Sepia Saturday #350: My Pretty Ponies

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These two cut out cards were given to my Aunt Sadie when she was a young girl. The little girl (5″ tall) in the bright yellow southern belle dress is comparatively tame when considering the other card is a horse (9″ tall) in a pink with red polka dotted dress! Or, if you interpret it differently, the creature could be a girl in a dress with the misfortune of having a horse face. It’s very Midsummer’s Night Dream-ish. Both cards were received by Sadie in 1942 for Valentine’s Day. The yellow dressed girl came from Patty Wilson (probably a class mate) and the horse came from Sadie’s Uncle Adam and Aunt Kitty.

As many little girls do when they’re young, I wanted a pony. I lived with my parents and two younger sisters in a handsome, yellow two-story Victorian in Newton, Sussex County, New Jersey. The bonus to this house was that there was an old red barn out back that had been converted into a four-car garage. The two outside bays still had the hay lofts and what looked to be the remains of old stalls. What a perfect place to keep a pony. Not quite understanding the concept of zoning laws, I was determined that a pony would be comfortable in the garage space to the far right.screen-shot-2016-09-16-at-5-03-02-pm The pony campaign began.

“Can I have a pony?” I asked innocently enough.

“No,” was the response.

Three days (or less) later, “Can I have a pony? We have a spot for him.”

“No!” was the response again.

Two days (or less) later, “Can I have a pony?  I’ll do everything to take care of him.”

“Oh for Pete’s sake, Jodi, no. You cannot have a pony!”

After many more back and forth exchanges, I decided the unreasonableness of my parents made the living situation unbearable. If I couldn’t have a pony, I would run away. I got a piece of lined paper, found a sharp pencil and sat down next to the ottoman in the living room. I was ready to write.

Dear Mom and Dad,
I am running away. You won’t let me have a pony even though we have a barn and space and you wouldn’t have to do anything to take care of him.  I would do everything. I hope you re… rem… remem….

“Mom, how do you spell remember?”

“Why?”

“Because I’m writing my running away note.”

“Well,” said Mom, “It’s your note. You’re going to be on your own now. You need to figure out how to spell remember all by yourself.”

So much for running away!  But the desire for a pony or a horse didn’t go away with that abrupt end to flight.

My best friend in high school was another girl also named Jodi. Her sister, Kelly, took horseback riding lessons at the Spring Valley Stables. Soon I was working out a way to screen-shot-2016-09-16-at-5-03-18-pmtake lessons too. I learned the correct way to mount (always on the left side of the horse), how to tighten a girth (tight enough to not end up with the saddle under the horse), how to put a bit into the horse’s mouth (not upside down; that’s a bad thing), and how to position your body once in the saddle (sit up straight, heels down, toes up, legs back). We walked, trotted and then finally worked our way up to loping the horses around an indoor arena, sometimes serpentining around cones placed from corner to corner. Pure bliss!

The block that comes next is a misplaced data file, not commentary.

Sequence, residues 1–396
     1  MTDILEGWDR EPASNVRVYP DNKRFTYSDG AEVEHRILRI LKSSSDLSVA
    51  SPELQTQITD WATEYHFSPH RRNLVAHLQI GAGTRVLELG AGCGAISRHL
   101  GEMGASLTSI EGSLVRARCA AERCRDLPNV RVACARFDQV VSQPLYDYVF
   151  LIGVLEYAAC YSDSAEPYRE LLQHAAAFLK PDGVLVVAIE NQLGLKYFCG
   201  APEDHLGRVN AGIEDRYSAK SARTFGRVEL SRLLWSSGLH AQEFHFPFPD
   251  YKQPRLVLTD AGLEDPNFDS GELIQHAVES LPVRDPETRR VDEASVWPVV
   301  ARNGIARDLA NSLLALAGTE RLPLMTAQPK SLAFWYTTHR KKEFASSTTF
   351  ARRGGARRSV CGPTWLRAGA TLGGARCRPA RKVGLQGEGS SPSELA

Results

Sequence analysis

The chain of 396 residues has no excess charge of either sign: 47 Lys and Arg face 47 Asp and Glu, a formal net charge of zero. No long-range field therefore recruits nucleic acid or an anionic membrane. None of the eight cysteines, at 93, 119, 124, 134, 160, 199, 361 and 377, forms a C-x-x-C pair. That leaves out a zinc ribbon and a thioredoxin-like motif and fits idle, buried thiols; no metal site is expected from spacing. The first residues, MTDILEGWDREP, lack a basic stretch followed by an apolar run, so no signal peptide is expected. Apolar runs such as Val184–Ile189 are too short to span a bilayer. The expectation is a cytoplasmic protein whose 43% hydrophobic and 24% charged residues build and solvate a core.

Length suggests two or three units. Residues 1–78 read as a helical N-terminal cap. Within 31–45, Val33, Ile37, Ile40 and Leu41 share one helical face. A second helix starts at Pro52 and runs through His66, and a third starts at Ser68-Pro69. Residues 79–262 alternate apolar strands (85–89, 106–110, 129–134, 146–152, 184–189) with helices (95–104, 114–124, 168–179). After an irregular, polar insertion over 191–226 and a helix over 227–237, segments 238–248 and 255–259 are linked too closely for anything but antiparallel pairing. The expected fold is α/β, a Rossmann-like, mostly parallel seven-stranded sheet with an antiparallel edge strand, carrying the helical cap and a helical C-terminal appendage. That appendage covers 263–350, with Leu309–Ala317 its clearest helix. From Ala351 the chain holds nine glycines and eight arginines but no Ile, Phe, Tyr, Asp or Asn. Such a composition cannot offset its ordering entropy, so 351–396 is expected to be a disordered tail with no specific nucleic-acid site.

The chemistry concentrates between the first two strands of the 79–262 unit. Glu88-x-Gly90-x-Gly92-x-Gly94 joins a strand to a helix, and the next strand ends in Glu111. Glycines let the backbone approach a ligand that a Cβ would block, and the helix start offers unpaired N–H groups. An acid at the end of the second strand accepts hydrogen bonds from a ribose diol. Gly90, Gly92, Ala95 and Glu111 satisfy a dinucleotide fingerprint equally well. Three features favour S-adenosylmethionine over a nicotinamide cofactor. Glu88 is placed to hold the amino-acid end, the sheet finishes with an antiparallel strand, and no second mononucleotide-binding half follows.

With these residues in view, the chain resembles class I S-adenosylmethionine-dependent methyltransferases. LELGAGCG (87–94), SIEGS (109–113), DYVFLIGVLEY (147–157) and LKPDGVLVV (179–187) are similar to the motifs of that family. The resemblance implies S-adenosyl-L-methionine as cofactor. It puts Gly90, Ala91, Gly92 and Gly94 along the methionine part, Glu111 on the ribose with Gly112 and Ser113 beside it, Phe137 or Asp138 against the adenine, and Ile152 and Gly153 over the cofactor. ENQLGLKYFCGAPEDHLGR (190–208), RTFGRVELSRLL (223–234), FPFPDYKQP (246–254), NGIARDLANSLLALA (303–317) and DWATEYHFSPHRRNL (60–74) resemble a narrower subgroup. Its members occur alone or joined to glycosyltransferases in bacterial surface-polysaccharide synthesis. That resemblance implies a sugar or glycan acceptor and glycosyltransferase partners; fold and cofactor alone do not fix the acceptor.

Then, when I was a junior in high school, the local paper ran a want ad for trail guides at the local trail riding establishment named Ry-Scott Stables. The job experience threshold was low and the pay was for tips only. I didn’t care. I jumped at the chance. I got hired. Really? I’m hired!? Woo-hoo!

The stable was located on Route 206 just south of Newton. It was named after the owner Gary’s two sons, Ryan and Scott. On the 250-acre farm stood a large, red and white barn with about fifteen stalls and a massive hay loft, a smaller barn with four stalls, a pump house, a corn crib, and an office with a cast-iron, wood-burning stove. The property had been part of the old Slater farmstead and the house still stood but had been abandoned for many years by 1983 when I applied for the job. The trails ran across land that had rolling fields, wooded hills, and some marshy spots. A full hour trail ride traversed the farm from one end to the other in a big loop.

My horse and farm education began in earnest. Over the next couple of years I worked screen-shot-2016-09-16-at-5-08-00-pmmy way up to lead trail guide and then, by virtue of eventually becoming the owner’s live-in girlfriend, the de-facto boss. I was scheduling veterinary services, deciding what horses needed to see the farrier and when, cutting and baling hay, cleaning and repairing the tack and saddles, buying and slinging around 100-pound bags of sweet feed and catching horses in the middle of the night when the state troopers called to say that our horses were out roaming on the roads.

I soon learned that each horse had its own personality and quirks.  We had anywhere from 25 to 30 horses that were rented out for trail rides. Sweet-tempered Patrick didn’t like to have his ears touched so it was a project to put a bridle on him. Daisy, the sway-backed old mare, was the one who could show the herd where any hole in a fence existed. Four, a cute little red roan, didn’t like wet feet and would scrape his rider’s legs against any tree in the way in order to keep his hooves dry while on the marshy parts of the trail. Tall, white Spirit would let out a string of noisy farts going up the hills on the trail. That was always sure to make the trail guides chuckle. Scattop, the flea-bitten appaloosa, would stop in puddles, paw and then lay down in screen-shot-2016-09-16-at-5-03-32-pmthe water even with a rider and saddle. The trail guides would yell, “Get her head up and kick her!!” It was 50/50 whether the rider was going to get wet. Dark as midnight Blackjack always liked to be the last one in line and would do anything to be at the back including kicking and biting. The ½ pony Easter, if he didn’t have a competent rider, would wander out of the line to the middle of the field and eat grass while his rider helplessly looked around wondering what to do. Just before the line of horses hit the woody part of the trail, Easter would look up and then trot right back into line. No sense in getting left behind. Kimmy, Brian and Jimmy were the steady Freddies of the hack line. Bravo, an appaloosa with a beautiful white blanket, had the smoothest ride and was a trail guide favorite. Dusty had the surest footing onscreen-shot-2016-09-16-at-5-03-43-pm the rockiest parts of the trail but was an absolute pig when the farrier was trying to shoe her.